Robert Montgomery (poet)

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Robert Montgomery Robert Montgomery cropped from Wellcome V0006808.jpg
Robert Montgomery

Robert Montgomery (1807–1855) was an English poet and minister, the natural son of Robert Gomery (1778-1853), an actor and clown, and Elizabeth Meadows Boyce, a schoolteacher. He was born in Bath, Somerset, and educated at a private school in the city. Later, he founded an unsuccessful weekly paper in that city. In 1828 he published The Omni-presence of the Deity, which hit popular religious sentiment so exactly that it ran through eight editions in as many months. In 1830 he followed it with The Puffiad (a satire), and Satan, or Intellect without God. An exhaustive review in Blackwood's by John Wilson, followed in the thirty-first number by a burlesque of Satan, and two articles in the first volume of Fraser, ridiculed Montgomery's pretensions and the excesses of his admirers. But his name was immortalized by Macaulay's famous onslaught in the Edinburgh Review for April 1830, "an annihilating so Jove-like that the victim automatically commands the spectator's rueful sympathy." [1] This review did not, however, diminish the sale of his poems; The Omnipresence of the Deity reached its 28th edition in 1858. In 1830 Montgomery entered Lincoln College, Oxford, graduating B.A. in 1833 and M.A. in 1838. Taking holy orders in 1835 he obtained a curacy at Whittington, Shropshire, which he exchanged in 1836 for the charge of the church of St. Jude, Glasgow. In 1843 he removed to the parish of St. Pancras, London, when he was minister of Percy Chapel.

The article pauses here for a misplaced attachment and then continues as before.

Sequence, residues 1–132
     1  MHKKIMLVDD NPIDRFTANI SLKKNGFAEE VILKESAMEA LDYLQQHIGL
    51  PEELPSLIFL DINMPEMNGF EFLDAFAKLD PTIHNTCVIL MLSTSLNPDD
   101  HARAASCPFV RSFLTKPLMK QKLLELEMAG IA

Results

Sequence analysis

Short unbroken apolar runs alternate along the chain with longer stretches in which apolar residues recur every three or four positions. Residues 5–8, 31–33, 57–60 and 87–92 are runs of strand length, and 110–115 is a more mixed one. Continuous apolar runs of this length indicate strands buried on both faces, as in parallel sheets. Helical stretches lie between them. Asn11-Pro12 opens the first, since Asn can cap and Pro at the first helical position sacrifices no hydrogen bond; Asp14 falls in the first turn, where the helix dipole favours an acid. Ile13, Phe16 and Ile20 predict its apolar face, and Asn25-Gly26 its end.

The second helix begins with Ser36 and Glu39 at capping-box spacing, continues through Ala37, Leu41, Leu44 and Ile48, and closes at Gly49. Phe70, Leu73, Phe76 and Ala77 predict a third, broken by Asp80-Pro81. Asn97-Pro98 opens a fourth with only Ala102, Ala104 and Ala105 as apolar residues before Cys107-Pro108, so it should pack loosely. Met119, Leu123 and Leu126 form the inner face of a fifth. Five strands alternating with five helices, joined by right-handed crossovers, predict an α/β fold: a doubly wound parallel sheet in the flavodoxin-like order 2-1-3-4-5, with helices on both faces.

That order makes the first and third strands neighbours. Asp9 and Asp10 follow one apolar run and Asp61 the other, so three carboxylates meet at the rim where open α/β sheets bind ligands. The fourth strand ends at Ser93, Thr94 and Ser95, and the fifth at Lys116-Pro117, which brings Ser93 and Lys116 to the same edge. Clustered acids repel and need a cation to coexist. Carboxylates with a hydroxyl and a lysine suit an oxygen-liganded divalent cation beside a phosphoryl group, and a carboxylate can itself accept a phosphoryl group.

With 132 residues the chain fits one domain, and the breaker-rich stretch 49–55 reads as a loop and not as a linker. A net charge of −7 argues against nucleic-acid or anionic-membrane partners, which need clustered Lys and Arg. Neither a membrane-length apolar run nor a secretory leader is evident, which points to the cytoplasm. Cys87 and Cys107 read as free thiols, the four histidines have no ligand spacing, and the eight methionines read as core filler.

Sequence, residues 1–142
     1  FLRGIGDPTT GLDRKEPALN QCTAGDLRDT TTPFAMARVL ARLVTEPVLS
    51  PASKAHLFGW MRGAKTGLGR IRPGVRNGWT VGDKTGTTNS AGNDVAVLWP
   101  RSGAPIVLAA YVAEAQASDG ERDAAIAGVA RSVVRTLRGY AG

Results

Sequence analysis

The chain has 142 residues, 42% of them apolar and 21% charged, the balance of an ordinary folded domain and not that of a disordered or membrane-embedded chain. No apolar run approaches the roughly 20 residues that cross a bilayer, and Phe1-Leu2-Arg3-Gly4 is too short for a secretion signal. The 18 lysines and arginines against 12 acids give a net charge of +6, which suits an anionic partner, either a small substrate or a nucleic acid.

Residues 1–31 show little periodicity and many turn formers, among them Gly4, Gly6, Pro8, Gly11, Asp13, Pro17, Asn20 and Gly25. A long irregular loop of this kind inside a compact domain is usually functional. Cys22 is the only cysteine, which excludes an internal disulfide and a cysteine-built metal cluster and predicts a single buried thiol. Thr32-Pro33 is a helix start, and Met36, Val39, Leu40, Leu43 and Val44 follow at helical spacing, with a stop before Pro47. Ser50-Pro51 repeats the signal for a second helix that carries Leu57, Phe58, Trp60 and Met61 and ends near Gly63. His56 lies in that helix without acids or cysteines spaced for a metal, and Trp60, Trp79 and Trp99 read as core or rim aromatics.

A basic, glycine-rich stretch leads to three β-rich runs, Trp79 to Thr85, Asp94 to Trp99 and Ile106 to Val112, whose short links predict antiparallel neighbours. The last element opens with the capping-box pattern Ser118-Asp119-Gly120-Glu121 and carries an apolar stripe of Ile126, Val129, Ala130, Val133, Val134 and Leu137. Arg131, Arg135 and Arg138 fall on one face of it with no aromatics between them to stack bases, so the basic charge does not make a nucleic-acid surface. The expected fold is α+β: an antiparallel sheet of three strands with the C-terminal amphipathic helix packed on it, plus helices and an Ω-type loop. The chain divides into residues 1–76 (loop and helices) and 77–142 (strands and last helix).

On 7 October 1843, at St George's Hanover Square, London, Montgomery married Rachel Catherine Andrews MacKenzie (1814-82), the daughter of Alexander Douglas McKenzie (died 1842) of Bursledon, Hampshire, and had a daughter:

His brother-in-law was Rev Frederic Charles Cook (1804-1889).

Montgomery died at Brighton on 3 December 1855.

List of works

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  1. D. B. Wyndham Lewis and Charles Lee, The Stuffed Owl, p. 173.